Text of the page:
WARSAW, Poland (AP) -- Polish prosecutors on Tuesday detained two people and questioned two others over the release of secret recordings of conversations between top officials in a case that has severely shaken and embarrassed the government.
Among those questioned was Sylwester Latkowski, chief editor of the magazine Wprost, which recently published the recordings. He said he was questioned as a witness and handed over all of the recordings in his possession to the prosecutors, but was not pressed to reveal his source, who has requested anonymity.
Two other people were detained for questioning as suspects and another one, a restaurant sommelier, was questioned and then released, said Renata Mazur, a spokeswoman for the prosecutors in Warsaw.
Last week the manager of one of the restaurants where politicians were secretly taped was charged with two counts of eavesdropping, which is illegal in Poland and carries up to two years in prison.
Wprost on Sunday released material in which Foreign Minister Radek Sikorski says that Poland's alliance with the U.S. is worthless, a notion quickly denied by Poland's President Bronislaw Komorowski. In another recording published by the magazine, Central Bank head Marek Belka and Interior Minister Bartlomiej Sienkiewicz are heard discussing how the bank could help the governing party win re-election in 2015, a seeming violation of the bank's independence.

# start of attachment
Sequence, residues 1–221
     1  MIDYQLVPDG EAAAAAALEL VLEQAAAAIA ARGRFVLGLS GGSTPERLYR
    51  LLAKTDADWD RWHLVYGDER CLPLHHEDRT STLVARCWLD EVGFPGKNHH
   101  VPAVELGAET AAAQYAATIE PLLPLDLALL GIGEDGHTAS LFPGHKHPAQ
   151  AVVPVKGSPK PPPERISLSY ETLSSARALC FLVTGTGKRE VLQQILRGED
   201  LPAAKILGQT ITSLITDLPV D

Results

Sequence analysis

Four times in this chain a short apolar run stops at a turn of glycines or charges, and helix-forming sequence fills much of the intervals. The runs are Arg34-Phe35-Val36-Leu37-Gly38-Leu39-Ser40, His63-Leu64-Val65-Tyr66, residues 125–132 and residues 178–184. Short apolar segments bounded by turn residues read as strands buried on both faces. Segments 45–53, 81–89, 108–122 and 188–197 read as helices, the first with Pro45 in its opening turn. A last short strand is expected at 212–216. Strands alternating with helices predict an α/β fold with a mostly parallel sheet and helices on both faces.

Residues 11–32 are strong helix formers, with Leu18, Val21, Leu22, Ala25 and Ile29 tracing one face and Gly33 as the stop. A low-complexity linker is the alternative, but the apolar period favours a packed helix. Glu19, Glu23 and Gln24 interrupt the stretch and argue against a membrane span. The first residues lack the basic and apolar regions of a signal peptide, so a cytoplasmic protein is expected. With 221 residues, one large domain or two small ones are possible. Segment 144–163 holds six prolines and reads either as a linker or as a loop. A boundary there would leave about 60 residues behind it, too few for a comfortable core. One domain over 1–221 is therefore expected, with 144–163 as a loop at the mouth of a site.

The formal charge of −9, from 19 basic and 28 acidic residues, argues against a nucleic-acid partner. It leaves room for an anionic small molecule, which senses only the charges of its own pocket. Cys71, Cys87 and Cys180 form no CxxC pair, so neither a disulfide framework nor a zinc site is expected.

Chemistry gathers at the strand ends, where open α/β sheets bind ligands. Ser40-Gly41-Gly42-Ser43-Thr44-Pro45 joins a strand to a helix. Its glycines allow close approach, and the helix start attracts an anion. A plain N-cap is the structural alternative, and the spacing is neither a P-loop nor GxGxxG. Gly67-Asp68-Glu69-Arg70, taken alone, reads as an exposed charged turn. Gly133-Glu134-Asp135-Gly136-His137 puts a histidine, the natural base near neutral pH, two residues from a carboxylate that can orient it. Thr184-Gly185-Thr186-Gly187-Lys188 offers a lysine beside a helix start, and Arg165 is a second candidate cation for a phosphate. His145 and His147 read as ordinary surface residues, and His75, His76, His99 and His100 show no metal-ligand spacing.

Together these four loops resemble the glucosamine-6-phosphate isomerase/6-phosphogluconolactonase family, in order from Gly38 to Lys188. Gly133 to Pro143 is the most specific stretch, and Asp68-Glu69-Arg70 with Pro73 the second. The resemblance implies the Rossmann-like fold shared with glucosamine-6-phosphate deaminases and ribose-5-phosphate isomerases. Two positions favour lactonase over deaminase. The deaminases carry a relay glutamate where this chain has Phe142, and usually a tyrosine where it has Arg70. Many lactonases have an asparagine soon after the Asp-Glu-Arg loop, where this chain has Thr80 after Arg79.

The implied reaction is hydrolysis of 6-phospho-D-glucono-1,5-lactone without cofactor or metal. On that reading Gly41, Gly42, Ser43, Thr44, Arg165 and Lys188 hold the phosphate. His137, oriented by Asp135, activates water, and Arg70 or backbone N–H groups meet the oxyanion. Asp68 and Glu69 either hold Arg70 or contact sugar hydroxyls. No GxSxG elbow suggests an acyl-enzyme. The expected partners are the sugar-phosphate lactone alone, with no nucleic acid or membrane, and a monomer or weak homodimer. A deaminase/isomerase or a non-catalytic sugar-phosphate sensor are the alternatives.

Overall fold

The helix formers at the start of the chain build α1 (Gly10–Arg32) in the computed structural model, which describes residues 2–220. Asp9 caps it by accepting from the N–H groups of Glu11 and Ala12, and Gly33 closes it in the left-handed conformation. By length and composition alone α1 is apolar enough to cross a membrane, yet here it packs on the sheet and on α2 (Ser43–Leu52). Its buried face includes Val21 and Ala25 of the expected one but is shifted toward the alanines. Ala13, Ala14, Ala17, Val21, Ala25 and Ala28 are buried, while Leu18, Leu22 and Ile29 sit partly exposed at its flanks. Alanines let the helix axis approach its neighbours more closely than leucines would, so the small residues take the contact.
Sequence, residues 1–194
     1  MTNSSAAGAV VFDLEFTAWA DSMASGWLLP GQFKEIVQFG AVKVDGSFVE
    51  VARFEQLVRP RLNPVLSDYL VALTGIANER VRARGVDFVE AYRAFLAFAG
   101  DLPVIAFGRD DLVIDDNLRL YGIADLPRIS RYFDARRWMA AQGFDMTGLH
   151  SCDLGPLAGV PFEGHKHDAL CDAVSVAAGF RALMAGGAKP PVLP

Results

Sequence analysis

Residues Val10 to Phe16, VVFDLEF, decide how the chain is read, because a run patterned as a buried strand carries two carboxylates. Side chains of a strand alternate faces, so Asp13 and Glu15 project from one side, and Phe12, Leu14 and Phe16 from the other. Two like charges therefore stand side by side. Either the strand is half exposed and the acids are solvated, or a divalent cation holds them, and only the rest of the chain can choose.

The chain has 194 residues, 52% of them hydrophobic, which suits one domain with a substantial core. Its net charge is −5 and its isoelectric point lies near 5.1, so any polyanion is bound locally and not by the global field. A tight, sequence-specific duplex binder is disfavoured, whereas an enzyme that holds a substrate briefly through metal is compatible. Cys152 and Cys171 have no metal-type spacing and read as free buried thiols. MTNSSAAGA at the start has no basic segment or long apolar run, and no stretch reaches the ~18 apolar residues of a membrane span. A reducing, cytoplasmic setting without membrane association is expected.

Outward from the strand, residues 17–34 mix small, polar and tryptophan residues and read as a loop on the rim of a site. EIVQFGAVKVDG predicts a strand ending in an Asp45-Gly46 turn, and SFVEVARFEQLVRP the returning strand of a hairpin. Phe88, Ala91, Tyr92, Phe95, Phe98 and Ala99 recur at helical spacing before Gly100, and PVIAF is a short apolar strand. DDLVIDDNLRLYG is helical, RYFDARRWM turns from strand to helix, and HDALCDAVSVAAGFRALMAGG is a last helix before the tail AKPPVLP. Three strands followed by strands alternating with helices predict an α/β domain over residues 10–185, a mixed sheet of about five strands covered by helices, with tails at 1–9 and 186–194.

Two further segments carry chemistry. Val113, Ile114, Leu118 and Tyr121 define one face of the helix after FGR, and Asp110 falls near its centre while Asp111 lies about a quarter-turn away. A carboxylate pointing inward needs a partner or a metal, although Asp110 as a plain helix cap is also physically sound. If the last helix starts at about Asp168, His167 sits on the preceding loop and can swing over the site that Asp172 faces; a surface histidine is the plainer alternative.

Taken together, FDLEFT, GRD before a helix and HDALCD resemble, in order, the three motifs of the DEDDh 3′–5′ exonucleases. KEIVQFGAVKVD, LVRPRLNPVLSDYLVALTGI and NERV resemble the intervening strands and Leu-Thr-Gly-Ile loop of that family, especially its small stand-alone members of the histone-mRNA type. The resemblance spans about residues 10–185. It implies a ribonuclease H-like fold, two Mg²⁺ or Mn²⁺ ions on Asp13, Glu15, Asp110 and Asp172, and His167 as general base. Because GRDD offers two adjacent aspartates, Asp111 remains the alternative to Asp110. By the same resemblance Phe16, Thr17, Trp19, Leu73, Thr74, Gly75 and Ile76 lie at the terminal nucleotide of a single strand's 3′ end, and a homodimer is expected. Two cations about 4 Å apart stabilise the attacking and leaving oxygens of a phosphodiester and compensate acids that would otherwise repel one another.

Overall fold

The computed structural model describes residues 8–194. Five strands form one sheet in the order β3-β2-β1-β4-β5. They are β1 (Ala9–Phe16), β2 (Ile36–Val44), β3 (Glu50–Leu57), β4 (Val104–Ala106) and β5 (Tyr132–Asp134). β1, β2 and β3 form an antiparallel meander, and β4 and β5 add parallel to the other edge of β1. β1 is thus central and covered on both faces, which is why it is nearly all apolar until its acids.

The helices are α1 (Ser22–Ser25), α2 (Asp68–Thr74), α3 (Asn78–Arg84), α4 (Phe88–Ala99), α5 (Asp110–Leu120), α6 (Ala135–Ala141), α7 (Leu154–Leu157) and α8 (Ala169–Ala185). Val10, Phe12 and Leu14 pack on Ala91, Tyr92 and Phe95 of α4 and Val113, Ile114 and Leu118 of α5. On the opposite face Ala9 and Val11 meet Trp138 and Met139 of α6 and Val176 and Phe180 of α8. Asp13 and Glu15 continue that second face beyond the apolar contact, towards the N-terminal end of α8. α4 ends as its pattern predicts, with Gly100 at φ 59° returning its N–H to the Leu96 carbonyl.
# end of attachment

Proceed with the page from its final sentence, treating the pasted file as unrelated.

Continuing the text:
Wprost has only said it obtained the recordings from a businessman.
Polish Prime Minister Donald Tusk has refused to fire the ministers who have been caught up in the scandal, saying he will not be dictated by people involved in "criminal activity."
On Tuesday Tusk's ruling coalition held a strategy meeting where they decided to wait through August for the perpetrators to be identified and charged. After that they will decide whether early elections and a change of government are needed, said Jan Bury of the peasants' party, a junior coalition member.
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